Nevada vying to recover share of water
LAS VEGAS SUN
Southern Nevada water officials are in Sacramento negotiating with
the six other Colorado River basin states in what could be a critical
effort to win back water cut by the federal government Jan. 1.
Southern Nevada Water Authority General Manager Pat Mulroy and Deputy
General Manager Kay Brothers are working on two fronts. Along with
federal and California state officials, they are pushing four independent
water agencies in the Golden State to resolve long-standing issues
on how much each of the four can take from the Colorado River, a split
that led to the cutoff of so-called "interim surplus" water
If the California agencies cannot reach a compromise, the Nevada
delegation hopes to convince the other states that Nevada should not
be punished for California's intransigence, and the surplus should
be resumed -- at least for Las Vegas.
At stake is 30,000 to 40,000 acre-feet of water per year, about 10
percent more than Nevada's base allocation of 300,000 acre-feet annually.
One acre-foot is equal to about 326,000 gallons, or about enough water
for a typical family for one year. Southern Nevada officials had counted
on the extra water to provide a bridge to the year 2016, when groundwater
and other supplies would become available to slake Las Vegas' thirst.
The U.S. Interior Department cut off both the Nevada and California
surplus under Colorado River rules that dictated an end to the surplus
unless the California agencies agreed on a water-sharing pact, known
as the Quantification Settlement Agreement. Interior officials, however,
said Wednesday in strong terms that they do not believe Nevada should
be punished for California's inability to come to terms.
The Southern Nevada Water Authority presented a proposal to de-couple
Nevada's use of the surplus from California's in June. Nevada needs
the proposal to win support from the other states along the Colorado
River -- Wyoming, Colorado, Utah, New Mexico, Arizona and California
-- as well as the federal government.
"If the Quantification Settlement Agreement is not completed
in short order, then we would expect all the states to sit down and
consider Nevada's request on an expedited basis," Assistant Interior
Secretary Bennett Raley said from Sacramento on Wednesday.
That means California as well, Raley said.
"We would be coming back to the California water agencies and
would ask very strongly that they hold Nevada harmless," he said.
"Our hope is that if we do not have agreement by Aug. 15, the
states will immediately turn to reviewing the Nevada proposal."
Raley noted that in relative terms, Nevada's use of surplus water
-- actually unused river apportionments by Wyoming, Colorado and Utah
-- is miniscule. California's surplus consumption has equaled about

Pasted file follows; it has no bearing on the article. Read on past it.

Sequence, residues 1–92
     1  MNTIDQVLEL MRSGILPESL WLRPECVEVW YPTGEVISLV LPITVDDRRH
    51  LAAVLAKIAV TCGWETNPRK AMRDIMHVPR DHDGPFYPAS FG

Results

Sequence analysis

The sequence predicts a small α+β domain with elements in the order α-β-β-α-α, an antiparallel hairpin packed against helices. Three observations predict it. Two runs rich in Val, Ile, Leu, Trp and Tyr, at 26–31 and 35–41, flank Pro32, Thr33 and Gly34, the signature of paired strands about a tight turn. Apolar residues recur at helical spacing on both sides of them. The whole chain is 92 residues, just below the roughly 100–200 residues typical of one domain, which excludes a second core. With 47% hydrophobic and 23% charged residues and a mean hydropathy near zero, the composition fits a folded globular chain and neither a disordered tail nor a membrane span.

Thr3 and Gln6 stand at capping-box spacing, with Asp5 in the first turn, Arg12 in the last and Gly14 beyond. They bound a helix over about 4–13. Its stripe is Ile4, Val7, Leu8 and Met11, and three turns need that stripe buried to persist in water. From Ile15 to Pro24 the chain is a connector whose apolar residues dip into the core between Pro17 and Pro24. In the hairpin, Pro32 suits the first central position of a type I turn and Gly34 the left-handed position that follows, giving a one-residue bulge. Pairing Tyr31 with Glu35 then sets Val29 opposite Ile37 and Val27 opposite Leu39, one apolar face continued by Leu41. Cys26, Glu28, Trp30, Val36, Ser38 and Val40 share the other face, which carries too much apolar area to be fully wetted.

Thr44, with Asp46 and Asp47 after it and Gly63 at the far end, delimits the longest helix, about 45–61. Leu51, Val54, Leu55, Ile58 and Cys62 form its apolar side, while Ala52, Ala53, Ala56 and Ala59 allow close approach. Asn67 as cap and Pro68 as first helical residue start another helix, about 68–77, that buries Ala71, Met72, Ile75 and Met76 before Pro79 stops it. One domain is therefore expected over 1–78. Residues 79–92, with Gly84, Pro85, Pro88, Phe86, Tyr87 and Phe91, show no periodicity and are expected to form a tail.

800,000 acre-feet in a single year, more than twice Nevada's total
Without a water-sharing pact in place, California faces what is dubbed
the "hard landing" and would be restricted to 4.4 million
acre-feet annually and no more. With the agreement, California, like
Nevada, would have 15 years to wean itself from dependence on the
Raley delivered what he called a final offer to California at the
"We believe a major milestone has been reached," he said.
Interior, which control disbursements of Colorado River water through
the U.S. Bureau of Reclamation and Lake Mead, is forwarding a 10-page
Quantification Settlement Agreement, or QSA, "that we believe
is absolutely fair," Raley said.
The seven states on the Colorado River and the four California water
agencies have made positive comments about the proposal, Raley said.
However, the California agencies have appeared close to compromise
before, only to have hopes for a settlement dashed after one or another
agency pulls back. According to the Associated Press, discussions
have thus far been rocky, with disagreements among the agencies over
who should bear the cost of environmental mitigation, especially for
the threatened Salton Sea, a slowly dying inland body of water fed
by river runoff.
Raley said he is hopeful that this round of negotiations will not
be a repeat of earlier failures, but this is a last chance for California
to maintain access to the surplus in future years.
"From a federal perspective, our work is done," he said.
Officials from the two California agencies central to the discussions
in Sacramento said that they are sympathetic to Southern Nevada's
"Nobody can blame Nevada for wanting to de-couple," said
Adan Ortega, vice president of external affairs for the Metropolitan
Water District of Southern California. The agency supplies water to
16 million consumers in California.
"There is no reason for them (Nevadans) to suffer for our inability
to come to terms," Ortega said.
Sue Giller, spokeswoman for the Imperial Irrigation District, said
she also is sympathetic to Nevada's perspective, but the emphasis
of her agency is on successfully negotiating the water-sharing agreement.
"What happens if that doesn't happen -- We're not in the business
of speculating," Giller said. Her agency consumes about two-thirds
of California's allotment from the Colorado River for agricultural
"Our emphasis right now is on achieving a QSA that is a solution
for everybody," she said.
Vince Alberta, spokesman for the Southern Nevada Water Authority,
said both Brothers and Mulroy were not available for interviews from
Sacramento. He said the California settlement and the de-coupling
of Nevada and California's water futures were subjects for conversation
among all the states and agencies.
"A lot of people are sympathetic to the position that Nevada
has been put in through no fault of its own," Alberta said.